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I think a dragon goby would do fine with a " fresh" water moray eel, if you have a large enough tank to house both of them. They recommend at least a 120 gal for a moray eel, both fish are brackish.
I do not know of any African cichlids that live in brackish.
 

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ive been reading up on all the african cichlids i have and they all can handle 8.0 ph so im really excited about that
 

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They do like a high ph, but not brackish.
I have read that any aggressive fish, such as the African cichlids, should not be housed with the eel. The eel will take to hiding, same with the dragon goby, it has no real way of defending its self.

The cichlids may be a better choice anyway, a 120 gal brackish tank would not be cheap to maintain.
 

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African cichlids

twister how are you a "super moderator" of a fish forum and you say you never heard of african cichlids living in brackish water? They ARE brackish water fish. They are from the SALT lakes of africa :hmm:
 

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A moderator is not always the all knowing person we think they should be on a forum topic, they dont need to be, they are here for the website.............She is here to moderate the website for unwanted violations and and bad, nasty comments left by members...........Twistermom is a very knowledgable hobbyist...................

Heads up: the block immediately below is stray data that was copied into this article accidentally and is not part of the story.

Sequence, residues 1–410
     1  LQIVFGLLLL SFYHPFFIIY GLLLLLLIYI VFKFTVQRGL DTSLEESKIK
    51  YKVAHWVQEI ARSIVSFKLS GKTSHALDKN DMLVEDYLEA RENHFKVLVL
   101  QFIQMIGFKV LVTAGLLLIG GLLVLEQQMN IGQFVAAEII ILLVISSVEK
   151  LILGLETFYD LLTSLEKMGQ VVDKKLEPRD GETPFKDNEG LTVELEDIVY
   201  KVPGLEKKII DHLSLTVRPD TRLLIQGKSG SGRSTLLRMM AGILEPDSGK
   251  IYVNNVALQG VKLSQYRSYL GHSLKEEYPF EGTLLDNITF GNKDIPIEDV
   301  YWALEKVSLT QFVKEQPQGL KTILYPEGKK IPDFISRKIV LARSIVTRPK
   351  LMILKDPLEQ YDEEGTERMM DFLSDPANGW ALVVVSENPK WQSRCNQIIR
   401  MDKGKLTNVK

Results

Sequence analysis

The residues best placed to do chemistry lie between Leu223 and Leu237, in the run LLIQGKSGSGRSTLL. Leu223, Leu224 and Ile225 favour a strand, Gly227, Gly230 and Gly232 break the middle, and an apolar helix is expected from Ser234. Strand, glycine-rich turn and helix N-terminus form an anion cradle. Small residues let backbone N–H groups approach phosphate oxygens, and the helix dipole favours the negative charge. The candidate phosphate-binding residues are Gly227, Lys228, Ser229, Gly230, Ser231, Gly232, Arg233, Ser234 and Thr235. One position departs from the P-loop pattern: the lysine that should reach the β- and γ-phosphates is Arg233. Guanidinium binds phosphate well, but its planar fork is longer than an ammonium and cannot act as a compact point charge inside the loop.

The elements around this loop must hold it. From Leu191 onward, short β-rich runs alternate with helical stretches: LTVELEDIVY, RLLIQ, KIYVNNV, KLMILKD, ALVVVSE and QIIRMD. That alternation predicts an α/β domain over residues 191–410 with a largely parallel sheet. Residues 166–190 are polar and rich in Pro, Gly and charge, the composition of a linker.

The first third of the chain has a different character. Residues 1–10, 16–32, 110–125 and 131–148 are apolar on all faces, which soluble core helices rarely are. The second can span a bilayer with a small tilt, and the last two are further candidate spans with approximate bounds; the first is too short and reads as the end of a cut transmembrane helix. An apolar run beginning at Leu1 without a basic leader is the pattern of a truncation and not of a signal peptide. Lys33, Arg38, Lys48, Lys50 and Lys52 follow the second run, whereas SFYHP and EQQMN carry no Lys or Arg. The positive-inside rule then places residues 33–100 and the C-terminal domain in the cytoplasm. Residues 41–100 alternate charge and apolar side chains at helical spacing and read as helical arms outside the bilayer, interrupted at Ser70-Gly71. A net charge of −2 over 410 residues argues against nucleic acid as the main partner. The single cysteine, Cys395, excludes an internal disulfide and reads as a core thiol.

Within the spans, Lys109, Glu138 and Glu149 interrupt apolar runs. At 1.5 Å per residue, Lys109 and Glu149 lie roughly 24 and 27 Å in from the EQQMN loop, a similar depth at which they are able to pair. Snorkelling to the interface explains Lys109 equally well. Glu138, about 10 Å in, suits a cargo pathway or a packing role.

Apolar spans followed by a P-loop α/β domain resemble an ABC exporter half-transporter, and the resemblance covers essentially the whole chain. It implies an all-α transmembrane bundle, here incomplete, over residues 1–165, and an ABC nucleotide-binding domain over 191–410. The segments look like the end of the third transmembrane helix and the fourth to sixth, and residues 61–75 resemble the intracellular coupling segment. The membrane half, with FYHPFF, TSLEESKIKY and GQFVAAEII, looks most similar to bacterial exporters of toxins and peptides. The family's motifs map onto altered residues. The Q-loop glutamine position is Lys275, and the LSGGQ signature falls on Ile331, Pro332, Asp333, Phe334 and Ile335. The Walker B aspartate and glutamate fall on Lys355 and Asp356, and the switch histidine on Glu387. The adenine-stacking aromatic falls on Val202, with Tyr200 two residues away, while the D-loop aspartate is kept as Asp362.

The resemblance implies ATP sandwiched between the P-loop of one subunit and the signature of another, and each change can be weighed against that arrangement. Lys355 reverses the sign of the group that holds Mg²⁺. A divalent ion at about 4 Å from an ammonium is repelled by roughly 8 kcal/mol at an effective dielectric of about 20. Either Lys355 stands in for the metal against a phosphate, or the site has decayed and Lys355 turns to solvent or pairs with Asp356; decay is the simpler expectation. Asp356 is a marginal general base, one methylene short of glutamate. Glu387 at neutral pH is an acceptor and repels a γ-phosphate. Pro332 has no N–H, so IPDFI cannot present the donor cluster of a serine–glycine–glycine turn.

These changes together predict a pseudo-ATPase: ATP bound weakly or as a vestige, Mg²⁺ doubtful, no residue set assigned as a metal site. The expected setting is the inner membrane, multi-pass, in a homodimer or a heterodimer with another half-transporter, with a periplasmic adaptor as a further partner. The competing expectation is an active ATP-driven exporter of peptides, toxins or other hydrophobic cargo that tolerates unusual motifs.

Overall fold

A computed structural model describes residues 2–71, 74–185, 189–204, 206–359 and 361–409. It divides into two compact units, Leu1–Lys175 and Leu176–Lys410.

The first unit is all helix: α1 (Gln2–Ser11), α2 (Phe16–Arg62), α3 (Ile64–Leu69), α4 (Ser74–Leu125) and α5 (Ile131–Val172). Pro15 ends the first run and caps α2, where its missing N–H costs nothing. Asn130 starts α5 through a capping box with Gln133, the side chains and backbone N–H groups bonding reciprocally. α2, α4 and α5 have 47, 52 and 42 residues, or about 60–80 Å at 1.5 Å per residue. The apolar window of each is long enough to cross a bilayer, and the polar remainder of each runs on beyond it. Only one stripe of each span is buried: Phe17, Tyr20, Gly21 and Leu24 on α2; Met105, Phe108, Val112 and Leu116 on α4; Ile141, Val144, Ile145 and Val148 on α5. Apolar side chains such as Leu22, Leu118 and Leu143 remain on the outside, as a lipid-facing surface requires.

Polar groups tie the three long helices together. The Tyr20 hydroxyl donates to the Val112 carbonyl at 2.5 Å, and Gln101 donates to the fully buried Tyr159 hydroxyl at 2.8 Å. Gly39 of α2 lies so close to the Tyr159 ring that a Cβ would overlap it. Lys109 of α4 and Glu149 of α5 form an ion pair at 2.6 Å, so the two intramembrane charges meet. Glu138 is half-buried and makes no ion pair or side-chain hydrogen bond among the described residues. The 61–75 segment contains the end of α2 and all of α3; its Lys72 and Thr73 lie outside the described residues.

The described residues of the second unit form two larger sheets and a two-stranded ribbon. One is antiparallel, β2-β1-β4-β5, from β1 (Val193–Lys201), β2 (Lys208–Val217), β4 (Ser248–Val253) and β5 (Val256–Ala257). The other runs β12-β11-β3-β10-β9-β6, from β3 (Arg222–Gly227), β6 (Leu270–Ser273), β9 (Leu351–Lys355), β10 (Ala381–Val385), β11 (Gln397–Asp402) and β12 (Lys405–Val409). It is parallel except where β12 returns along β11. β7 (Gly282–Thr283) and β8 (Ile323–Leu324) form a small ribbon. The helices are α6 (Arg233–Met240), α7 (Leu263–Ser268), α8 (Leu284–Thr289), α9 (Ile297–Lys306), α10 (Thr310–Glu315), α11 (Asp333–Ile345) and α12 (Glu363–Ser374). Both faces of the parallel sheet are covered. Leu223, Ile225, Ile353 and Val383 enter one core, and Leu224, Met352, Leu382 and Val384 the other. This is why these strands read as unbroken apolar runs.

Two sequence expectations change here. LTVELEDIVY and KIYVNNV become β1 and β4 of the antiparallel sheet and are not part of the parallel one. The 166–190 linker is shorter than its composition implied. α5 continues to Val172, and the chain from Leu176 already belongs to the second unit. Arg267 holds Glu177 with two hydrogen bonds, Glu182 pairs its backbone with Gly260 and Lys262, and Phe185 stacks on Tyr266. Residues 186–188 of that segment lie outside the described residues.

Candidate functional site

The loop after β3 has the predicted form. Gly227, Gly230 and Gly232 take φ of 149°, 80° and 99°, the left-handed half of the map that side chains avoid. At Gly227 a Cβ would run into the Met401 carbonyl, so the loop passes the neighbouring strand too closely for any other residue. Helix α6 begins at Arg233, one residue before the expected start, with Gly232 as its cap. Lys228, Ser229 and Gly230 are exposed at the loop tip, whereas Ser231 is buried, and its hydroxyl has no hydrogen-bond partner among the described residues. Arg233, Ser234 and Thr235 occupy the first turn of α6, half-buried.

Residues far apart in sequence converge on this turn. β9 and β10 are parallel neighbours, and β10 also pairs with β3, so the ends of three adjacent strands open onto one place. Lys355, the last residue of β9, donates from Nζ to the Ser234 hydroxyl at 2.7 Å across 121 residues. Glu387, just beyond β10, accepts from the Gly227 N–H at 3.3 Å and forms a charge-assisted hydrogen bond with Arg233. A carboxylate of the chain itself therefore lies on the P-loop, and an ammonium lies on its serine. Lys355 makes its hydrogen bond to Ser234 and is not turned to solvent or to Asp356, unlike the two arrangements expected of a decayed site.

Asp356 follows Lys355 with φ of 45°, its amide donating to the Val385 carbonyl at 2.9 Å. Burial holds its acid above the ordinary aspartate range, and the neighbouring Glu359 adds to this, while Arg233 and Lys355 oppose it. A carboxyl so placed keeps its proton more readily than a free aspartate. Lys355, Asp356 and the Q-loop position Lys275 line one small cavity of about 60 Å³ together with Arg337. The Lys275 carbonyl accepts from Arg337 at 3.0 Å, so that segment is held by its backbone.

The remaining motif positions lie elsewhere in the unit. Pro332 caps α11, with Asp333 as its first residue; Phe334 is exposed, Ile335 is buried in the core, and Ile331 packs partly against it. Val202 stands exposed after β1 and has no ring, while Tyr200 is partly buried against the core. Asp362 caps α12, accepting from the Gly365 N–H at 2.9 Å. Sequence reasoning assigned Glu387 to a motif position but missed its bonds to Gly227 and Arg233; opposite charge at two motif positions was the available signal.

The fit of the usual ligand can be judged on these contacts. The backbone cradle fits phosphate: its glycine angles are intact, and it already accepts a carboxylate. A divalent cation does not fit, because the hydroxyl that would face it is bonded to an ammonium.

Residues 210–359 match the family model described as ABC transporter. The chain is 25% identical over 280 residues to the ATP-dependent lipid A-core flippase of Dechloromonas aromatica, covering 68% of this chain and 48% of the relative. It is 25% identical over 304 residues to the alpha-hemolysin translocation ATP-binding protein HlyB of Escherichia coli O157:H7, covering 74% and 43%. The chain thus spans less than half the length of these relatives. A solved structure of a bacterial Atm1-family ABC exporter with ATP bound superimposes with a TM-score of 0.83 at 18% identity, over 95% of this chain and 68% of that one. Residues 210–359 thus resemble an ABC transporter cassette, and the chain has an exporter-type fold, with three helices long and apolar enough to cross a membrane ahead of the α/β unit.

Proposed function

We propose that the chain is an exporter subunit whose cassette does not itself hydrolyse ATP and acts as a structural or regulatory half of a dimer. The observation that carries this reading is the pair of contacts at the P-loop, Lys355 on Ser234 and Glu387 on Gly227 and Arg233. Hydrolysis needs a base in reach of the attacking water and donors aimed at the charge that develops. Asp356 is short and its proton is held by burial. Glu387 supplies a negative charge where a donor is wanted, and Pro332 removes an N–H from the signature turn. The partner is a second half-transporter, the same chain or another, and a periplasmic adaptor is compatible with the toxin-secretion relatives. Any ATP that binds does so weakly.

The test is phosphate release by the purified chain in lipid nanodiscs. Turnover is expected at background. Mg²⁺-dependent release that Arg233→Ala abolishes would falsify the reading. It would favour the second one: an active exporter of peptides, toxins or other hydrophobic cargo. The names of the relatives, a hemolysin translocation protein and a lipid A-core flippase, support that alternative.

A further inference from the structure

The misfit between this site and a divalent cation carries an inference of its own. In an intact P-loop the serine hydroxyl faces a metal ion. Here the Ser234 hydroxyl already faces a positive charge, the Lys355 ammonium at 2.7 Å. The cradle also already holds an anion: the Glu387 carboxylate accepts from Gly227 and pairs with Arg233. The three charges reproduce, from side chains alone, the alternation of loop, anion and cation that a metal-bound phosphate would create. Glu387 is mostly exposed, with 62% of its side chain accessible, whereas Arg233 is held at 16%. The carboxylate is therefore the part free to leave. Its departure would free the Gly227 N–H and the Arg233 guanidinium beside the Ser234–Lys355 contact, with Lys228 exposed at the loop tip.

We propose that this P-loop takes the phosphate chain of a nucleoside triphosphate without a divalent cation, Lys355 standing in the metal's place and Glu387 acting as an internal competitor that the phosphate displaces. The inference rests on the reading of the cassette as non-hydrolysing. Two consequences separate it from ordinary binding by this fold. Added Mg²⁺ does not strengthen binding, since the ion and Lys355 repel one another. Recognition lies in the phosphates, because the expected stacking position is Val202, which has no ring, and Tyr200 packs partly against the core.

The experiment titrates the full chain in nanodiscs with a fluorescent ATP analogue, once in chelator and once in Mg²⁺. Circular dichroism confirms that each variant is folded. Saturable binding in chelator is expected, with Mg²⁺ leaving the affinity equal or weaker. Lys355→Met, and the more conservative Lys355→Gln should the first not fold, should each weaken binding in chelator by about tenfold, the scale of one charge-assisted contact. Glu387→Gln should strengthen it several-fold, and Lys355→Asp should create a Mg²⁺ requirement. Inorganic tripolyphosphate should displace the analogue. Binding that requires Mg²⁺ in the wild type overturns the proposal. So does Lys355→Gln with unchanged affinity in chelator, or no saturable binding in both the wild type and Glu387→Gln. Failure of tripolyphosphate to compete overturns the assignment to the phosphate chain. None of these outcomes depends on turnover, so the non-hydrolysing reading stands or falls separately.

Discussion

Do you know Lake Malawi contains very little sodium............Malawi is not considered a brackish lake, it is freshwater.......The Salts that lake malawi fish require are mineral salts and not your brackish required salts that are basically, mostly sodium...........

Before you bust somebody's chops, you should know the facts yourself.............
 

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Now to the post...........I agree with Twistermom..........The africans are gonna be too aggressive for the goby i think.........The eel is gonna need a huge tank, so unless you have a big tank(100 plus), i wouldnt consider it.............
 

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I happen to have 4 african tanks and all the africans I bought are brackish water and every pet store including generic ones like petland,petco etc. sells all africans in brackish water..that is the way they always are. I didn't say she didn't know anything about fish just stating that her information was incorrect. Lake Malawi, in its water chemistry (notably, its total ion concentration, or alkalinity, and its resulting electrical conductivity), is intermediate between Lakes Victoria and Tanganyika, and much more similar to Lake Victoria. Which are both brackish lakes,not to mention the fact that lake malawi or any other specific lake was neevr even mentioned. "African cichlids" was the only thing the guy said. Perhaps you should read carefully before putting your foot in your mouth. ;)
 

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I have been raising africans for 20 years..............Look at a bottle of rift lake salt additive and a salt additive for brackish water.........totally different in mineral content........Naturally i guessed he meant the "Lake" cichlids..............Maybe he did mean Pelvicachromis Taeniatus or maybe he meant the Steatocranus Casuarius ?